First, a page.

Archive for the ‘Game Video’ Category

A Rant on Actimagine VX Codec

Saturday, July 2nd, 2016

Well, since I don’t do anything useful these days and just give rants on subjects nobody cares about here’s another one.

This codec (there’s also VX container with IIRC PCM audio to accompany video) can be named a Very Mobile H.264 Rip-off. Why? Because the only available binary specification I got seems to come from some game, in ARMv6 I guess and has stride hardcoded to 256 pixels which would be appropriate only for some hand-held consoles. As for the second part—it uses Elias Gamma’ codes (like H.264 does—under different name) and suspiciously similar spatial prediction. Obviously it also differs a lot because it’s intended for a low-power devices and low resolutions too.

So, it operates on 16×16 macroblocks, each one can be coded with one of 24 possible modes that are really just combinations of one of the following techniques with optional residue coding:

  • splitting into 16×8 or 8×16 sub-blocks and processing them in the same way;
  • copying data from one of the previous three frames with or without motion vector adjustment (it’s full-pixel only);
  • copying data from the previous (frame?) block with some offset added to it (actually three offsets—one per component) and motion vector optionally;
  • applying intra prediction that also comes in two flavours—four modes applied to any block size or nine modes applied for 4×4 luma blocks (still only four modes for chroma).

Residual 16×16 block is coded as 5-bit CBP (again, Elias Gamma’ code mapped to CBP value) for four 4×4 luma blocks and two 4×4 chroma blocks. Coefficients are coded like this:

  1. Mode from Xine table (it’s predicted from neighbouring blocks too) that defines how many coded coefficients are there and how many of them are ones;
  2. Signs for known ones;
  3. Elias Gamma’ codes for other coefficients and their signs;
  4. Zero run value for skips between elements (from Xine table depending on maximum coefficient level seen so far).

In other words—nothing like H.264 CAVLC mode at all.

And if you think it was fun to RE I can tell you it was not and there are still challenges to overcome. First, the specification is badly written and optimised too much that decompiler is almost worthless there (for example, refilling bits is done by jumping to the end of the function that reads unsigned Elias Gamma’ code), functions expecting certain registers to be used for the state (like block functions expect R11 and R12 to contain motion vector, bitstream reading functions operate on the context stored in R1-R3 and return result in R6 etc etc), Hex-Rays also can’t decompile anything with switch statements and block decoding functions are full of them, it often decompiles function just to the first function call and ignores the rest of function code (happened to me on x86 too once where it decided to decompile only the head of main Smacker video decompression function without the block decoding loop, that’s why I trust decompilers even less that compilers). Second, the specification seems to miss data for lookup tables used in coefficients decoding.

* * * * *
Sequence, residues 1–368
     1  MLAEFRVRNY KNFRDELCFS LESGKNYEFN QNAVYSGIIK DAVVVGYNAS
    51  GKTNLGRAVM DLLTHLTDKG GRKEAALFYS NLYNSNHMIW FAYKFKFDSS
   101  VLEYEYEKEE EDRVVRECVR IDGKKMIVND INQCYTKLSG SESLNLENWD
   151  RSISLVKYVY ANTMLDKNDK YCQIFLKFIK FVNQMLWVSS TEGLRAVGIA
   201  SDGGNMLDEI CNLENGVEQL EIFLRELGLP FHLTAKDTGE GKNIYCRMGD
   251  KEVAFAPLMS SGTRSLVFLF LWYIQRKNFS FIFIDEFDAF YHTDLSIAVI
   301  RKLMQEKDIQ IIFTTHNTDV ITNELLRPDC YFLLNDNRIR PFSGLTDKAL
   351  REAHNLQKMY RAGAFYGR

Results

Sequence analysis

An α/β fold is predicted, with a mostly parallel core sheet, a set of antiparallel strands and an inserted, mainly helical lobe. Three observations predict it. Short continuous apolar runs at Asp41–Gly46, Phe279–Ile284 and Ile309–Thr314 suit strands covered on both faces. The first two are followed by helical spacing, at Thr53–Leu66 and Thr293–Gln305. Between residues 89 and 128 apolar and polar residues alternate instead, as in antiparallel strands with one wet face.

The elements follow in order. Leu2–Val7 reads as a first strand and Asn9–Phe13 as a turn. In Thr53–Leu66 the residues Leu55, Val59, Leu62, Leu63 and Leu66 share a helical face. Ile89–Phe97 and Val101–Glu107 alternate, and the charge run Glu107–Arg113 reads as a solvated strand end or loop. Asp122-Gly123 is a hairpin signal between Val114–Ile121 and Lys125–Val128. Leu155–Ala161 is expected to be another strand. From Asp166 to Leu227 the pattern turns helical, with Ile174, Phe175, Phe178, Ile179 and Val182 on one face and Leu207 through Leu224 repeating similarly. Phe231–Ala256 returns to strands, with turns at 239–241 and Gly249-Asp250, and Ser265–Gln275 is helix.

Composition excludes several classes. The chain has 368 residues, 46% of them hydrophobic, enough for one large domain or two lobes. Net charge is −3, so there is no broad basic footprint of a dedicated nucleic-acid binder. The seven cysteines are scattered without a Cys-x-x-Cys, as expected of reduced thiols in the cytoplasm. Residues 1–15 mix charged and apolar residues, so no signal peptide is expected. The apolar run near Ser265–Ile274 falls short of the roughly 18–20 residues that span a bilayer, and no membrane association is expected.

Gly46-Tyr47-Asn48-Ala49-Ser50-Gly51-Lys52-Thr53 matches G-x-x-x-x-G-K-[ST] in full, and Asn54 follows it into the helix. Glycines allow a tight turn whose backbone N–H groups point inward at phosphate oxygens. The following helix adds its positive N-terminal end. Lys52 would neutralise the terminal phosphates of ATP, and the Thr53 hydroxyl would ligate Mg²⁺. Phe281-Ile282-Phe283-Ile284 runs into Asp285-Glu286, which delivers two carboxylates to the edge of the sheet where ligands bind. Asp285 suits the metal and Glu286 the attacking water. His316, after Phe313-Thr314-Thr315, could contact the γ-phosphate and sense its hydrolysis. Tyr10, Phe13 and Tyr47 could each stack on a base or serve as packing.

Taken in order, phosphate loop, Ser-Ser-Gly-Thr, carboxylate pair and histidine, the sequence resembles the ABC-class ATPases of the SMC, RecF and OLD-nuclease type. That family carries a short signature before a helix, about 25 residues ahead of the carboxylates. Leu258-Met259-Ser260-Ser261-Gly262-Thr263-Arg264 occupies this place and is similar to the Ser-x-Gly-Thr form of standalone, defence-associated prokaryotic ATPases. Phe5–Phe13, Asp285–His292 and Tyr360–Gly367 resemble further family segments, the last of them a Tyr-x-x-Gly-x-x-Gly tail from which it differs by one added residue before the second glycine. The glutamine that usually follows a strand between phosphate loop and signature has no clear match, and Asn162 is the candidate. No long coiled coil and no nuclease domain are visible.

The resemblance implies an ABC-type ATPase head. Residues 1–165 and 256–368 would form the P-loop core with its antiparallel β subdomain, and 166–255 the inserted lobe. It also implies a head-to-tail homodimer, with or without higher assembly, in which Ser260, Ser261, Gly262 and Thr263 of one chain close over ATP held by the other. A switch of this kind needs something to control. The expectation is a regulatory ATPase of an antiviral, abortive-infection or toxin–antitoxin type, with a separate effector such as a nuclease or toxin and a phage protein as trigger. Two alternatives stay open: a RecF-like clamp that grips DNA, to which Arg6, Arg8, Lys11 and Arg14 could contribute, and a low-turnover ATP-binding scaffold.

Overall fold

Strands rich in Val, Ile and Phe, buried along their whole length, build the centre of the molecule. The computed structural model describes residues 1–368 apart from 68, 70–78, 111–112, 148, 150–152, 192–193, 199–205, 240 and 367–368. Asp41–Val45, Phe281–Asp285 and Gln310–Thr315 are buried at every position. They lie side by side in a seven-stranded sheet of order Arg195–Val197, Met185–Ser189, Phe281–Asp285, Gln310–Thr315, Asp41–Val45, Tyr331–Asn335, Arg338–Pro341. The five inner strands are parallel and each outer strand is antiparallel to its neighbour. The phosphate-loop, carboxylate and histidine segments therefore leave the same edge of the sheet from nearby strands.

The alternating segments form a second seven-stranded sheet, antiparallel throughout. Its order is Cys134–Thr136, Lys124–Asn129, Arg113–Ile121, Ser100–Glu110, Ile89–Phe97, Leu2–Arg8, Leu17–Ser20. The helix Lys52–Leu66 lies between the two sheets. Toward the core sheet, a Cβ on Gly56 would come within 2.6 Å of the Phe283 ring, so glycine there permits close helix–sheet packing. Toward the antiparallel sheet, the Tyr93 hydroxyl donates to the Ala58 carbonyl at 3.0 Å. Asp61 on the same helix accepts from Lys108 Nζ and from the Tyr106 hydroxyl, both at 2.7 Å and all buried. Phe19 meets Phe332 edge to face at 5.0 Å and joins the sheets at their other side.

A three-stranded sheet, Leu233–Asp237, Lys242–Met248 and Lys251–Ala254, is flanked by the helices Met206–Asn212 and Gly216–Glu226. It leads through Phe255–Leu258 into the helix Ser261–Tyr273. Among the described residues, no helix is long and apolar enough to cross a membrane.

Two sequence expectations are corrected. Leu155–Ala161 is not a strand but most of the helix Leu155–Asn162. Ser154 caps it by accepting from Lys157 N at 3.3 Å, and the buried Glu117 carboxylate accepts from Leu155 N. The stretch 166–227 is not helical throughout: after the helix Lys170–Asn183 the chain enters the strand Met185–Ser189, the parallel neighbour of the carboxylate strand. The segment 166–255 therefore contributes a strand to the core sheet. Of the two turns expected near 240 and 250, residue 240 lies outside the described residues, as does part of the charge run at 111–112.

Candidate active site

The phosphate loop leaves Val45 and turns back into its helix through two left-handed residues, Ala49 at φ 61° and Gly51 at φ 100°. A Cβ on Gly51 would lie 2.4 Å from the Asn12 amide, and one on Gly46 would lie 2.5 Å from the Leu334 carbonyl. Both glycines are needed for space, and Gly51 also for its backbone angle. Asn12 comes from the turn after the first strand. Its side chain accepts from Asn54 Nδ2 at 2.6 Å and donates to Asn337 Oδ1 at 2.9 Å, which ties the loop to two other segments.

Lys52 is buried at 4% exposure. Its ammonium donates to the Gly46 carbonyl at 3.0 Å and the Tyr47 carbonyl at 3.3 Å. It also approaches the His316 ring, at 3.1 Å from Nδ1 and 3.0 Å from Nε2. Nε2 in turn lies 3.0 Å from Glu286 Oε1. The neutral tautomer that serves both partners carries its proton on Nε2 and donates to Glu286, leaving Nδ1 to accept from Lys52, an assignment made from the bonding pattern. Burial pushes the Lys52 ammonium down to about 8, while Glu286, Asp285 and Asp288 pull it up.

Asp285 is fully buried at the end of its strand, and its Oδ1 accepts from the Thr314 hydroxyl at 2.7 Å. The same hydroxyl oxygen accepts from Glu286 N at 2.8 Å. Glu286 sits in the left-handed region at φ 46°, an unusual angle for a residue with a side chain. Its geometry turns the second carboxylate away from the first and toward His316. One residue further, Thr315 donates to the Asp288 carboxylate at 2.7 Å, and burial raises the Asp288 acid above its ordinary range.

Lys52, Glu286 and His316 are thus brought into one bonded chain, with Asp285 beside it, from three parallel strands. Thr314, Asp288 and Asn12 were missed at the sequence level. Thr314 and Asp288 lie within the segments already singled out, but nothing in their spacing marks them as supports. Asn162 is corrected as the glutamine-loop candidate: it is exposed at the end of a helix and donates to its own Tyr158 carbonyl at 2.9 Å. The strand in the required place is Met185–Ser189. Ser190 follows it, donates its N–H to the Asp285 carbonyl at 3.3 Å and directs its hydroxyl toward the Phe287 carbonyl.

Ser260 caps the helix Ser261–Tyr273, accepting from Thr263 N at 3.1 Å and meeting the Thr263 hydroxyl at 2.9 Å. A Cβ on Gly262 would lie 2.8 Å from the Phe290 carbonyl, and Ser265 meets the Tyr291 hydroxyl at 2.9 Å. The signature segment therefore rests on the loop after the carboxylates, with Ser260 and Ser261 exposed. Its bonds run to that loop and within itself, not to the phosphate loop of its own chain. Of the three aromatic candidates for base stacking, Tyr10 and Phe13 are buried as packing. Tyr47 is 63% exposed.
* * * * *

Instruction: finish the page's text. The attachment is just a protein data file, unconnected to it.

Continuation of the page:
So if you want to have it fully REd find a better specification and/or more patient and persistent man to deal with it. As for me—it’s dead, Jim®.

A Bit about Actimagine Nerve Agent

Sunday, April 12th, 2015

Codecs are sometimes named after really ridiculous things. Actimagine has named it after nerve agent. Or Panasonic VCR tape format that’s only Wickedpedia has heard about. But I bet on nerve agent (if you didn’t have to study chemical warfare weapons at school then you’re not born in the USSR and be thankful for that).

First of all, I don’t know much about VX except that it was used on game consoles. Also judging by the code it was intended to be used with really low resolutions because it had stride hardcoded to 256 from what I’ve seen.

It reminds me of Mobiclip HD somewhat. I’m too lazy to investigate all details (because I only have an ARM disassembly of some binary with some helpful comments) but here’s what I could find after spending an hour or two on it.

Video codec employs exp-Golomb codes for most things — signed and unsigned ones, bitreader limits them to 16 bits at most. Again, there’s not much I can say about overall structure except that it looks like simplified H.264/H.265 (though it was obviously well before H.265 times) — there is spatial prediction (four modes only: horizontal/vertical, DC and plane) and there’s macroblock subdivision too (into square blocks only, possible sizes are 4×4, 8×8 or 16×16). It still looks like there’s one motion vector per macroblock with motion vector deltas for subblocks.

Again, noone cares.

Bink2: Giving Up

Tuesday, June 17th, 2014

Short story: boring.

As I wrote more than a year ago the codec itself is rather simple and not that interesting (rather simple VLC coding plus DCT). Version KB2f was floating point, KB2g­—KB2i have switched to 16-bit integers wherever possible (including DCT, see links below). And I don’t really have content that I’d like to watch and unlikely to ever have it since my favourite games were released mostly before 2000 (that reminds me of Discworld Noir BMV format to RE…).

So here’s the list of what I’ve not done so far:

  • there are bugs in bitstream parsing, especially for KB2f;
  • I was too lazy to add all integer tables for newer versions, so it still uses floating point code for older version;
  • DC prediction (it uses median prediction with weird neighbours selection);
  • MV prediction;
  • motion compensation functions;
  • loop filtering;
  • definitely more of issues to resolve.

I’ll put known details to MultimediaWiki later.

All essential details about Bink 2g DCT are given here and here.

For those interested compressed patch is here.

P.S. I reserve right to look at newer versions if they appear and complain about them being equally boring.

Bink2 Again

Tuesday, May 13th, 2014

So in some previous posts I’ve described Bink2 bitstream. What’s the catch? It applies only to KB2f files, newer versions (KB2g­—KB2i) use different bitstream format: